What to Expect- Breasts after Breastfeeding

Posted by Deborah Brenna on

What to Expect- Breasts after Breastfeeding

With so much emphasis on physical appearance in our society, it’s common to be concerned about what breastfeeding will do to the appearance of your breasts. While this is a understandable concern, the assumption that breastfeeding will change the shape or size of your breasts is a misconception. Breast tissue changes primarily with pregnancy, as the body gears up to feed a newborn baby.

 

What Determines the Shape and Size of Your Breasts?

Breast tissue is primarily composed of fatty tissue, ligaments, milk glands and ducts. The size of your breasts can vary based on your body mass index or BMI, genetics and age. Because breasts are primarily composed of fatty tissue, weight gain or loss often effects the size of your breasts as well.  Overall shape is determined by underlying muscle strength, ligament tightness and genetics.

 

The Effect of Pregnancy and Beginning Milk Production on Breast Tissue

From the moment you become pregnant, your body begins to gear up to feed the baby you are carrying. Breast tissue becomes denser and most women experience an increase in breast size. Milk ducts and glands grow and expand as they prepare to make milk. Blood flow increases to support growth and milk production, often resulting in the appearance of darker veins. Due to hormone changes, the areola (the area around the nipple) and the nipple grow darker; often increasing in size and becoming more raised. Your body will start to produce colostrum, the protein and antibody rich pre-milk which will nourish your baby while your milk comes in, as you near your due date. Breasts may also become tender and hypersensitive during this time of growth and change. Whether or not you breastfeed, these changes will occur in your breasts with every pregnancy.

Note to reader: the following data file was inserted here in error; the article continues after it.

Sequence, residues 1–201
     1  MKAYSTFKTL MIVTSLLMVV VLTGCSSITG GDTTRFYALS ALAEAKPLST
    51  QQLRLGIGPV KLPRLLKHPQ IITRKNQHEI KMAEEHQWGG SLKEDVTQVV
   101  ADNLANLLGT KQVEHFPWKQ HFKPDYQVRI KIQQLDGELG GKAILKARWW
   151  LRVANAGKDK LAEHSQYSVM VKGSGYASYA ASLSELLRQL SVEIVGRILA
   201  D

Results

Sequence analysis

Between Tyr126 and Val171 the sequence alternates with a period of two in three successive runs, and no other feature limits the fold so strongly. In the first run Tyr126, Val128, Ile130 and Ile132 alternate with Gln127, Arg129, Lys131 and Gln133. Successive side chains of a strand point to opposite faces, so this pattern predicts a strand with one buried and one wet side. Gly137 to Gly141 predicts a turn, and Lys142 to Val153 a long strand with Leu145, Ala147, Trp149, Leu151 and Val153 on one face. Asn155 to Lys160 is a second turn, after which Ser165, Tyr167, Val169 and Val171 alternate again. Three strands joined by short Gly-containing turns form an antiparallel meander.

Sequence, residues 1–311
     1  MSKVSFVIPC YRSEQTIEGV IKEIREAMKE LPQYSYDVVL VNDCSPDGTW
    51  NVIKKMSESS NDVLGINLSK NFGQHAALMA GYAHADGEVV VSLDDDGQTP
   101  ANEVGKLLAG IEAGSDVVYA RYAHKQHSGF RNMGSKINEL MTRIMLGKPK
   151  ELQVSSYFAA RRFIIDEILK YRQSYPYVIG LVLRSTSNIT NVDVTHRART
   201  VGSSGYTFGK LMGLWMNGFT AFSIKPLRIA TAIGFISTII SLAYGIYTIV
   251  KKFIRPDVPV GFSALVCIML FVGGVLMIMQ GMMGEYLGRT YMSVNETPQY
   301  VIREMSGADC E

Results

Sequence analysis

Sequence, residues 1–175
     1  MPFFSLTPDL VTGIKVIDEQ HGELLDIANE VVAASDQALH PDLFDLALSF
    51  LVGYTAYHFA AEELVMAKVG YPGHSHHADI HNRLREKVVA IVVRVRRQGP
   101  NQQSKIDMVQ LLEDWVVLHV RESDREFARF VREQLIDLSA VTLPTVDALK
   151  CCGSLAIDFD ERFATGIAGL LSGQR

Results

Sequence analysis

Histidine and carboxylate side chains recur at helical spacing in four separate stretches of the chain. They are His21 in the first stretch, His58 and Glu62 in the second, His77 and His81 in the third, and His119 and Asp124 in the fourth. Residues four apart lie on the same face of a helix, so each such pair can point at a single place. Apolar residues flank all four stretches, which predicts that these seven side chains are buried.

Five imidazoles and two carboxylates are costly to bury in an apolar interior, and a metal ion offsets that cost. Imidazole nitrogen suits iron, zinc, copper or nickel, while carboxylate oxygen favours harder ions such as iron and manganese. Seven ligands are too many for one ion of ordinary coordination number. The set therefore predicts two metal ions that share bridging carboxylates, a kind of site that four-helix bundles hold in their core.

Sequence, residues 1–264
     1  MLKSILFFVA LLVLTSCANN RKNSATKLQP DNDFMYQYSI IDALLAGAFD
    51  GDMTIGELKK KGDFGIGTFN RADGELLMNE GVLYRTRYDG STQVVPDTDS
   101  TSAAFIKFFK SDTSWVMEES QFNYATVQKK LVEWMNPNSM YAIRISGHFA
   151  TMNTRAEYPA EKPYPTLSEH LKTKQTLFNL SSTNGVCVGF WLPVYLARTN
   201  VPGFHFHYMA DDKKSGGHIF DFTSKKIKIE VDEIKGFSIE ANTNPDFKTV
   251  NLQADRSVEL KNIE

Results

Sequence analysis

After Baby is Born

After the birth of your baby your body will naturally continue the process of making milk. Whether you choose to breastfeed or not, your milk will generally come in somewhere around the third day post-partum. When this happens, most women experience engorgement, which is a full, tight feeling in the breasts. Engorgement can cause some stretching of the skin and ligaments of the breasts, which may or may not return to normal after breastfeeding has ceased.

 

After Weaning

As your baby gets older, or if you have chosen not to breastfeed your breasts may start to return to their pre-pregnancy size, depending on your BMI, age, and genetics. However, most women note that the size and shape of their breasts is different than before they became pregnant, whether they breastfed or not. The changes to the size and color of your areola and nipple are, for the most part, permanent. Post-partum breasts are often not as firm as they were prior to pregnancy and breastfeeding. This is a natural result of the growth that has taken place. Breast ligaments are, by nature, a looser ligament, allowing the breasts to move. They loosen even more over time and with any growth and shrinkage that may occur. Ligaments that stretched as your breasts grew during pregnancy will generally not go back to their original level of elasticity. Veins and stretchmarks will often fade with time. Your breasts will continue to change with age and every pregnancy you experience.   

The process of bringing a little human being into this world is a beautiful one. The ability to nurture and nourish a baby with your breasts is part of the wonder of life. It will leave you changed in so many ways. Your body won’t be the same, because it was home to a new life. We hope that you will take great consolation in this, knowing that though your body has changed, it is still very beautiful and even more so for the amazing work that it has done. 

If you are contemplating whether or not you will breastfeed and would like more information on the pure organic formula we carry, please visit our blog. If you have been breastfeeding and are thinking of weaning, please see “How to Stop Breastfeeding.” 


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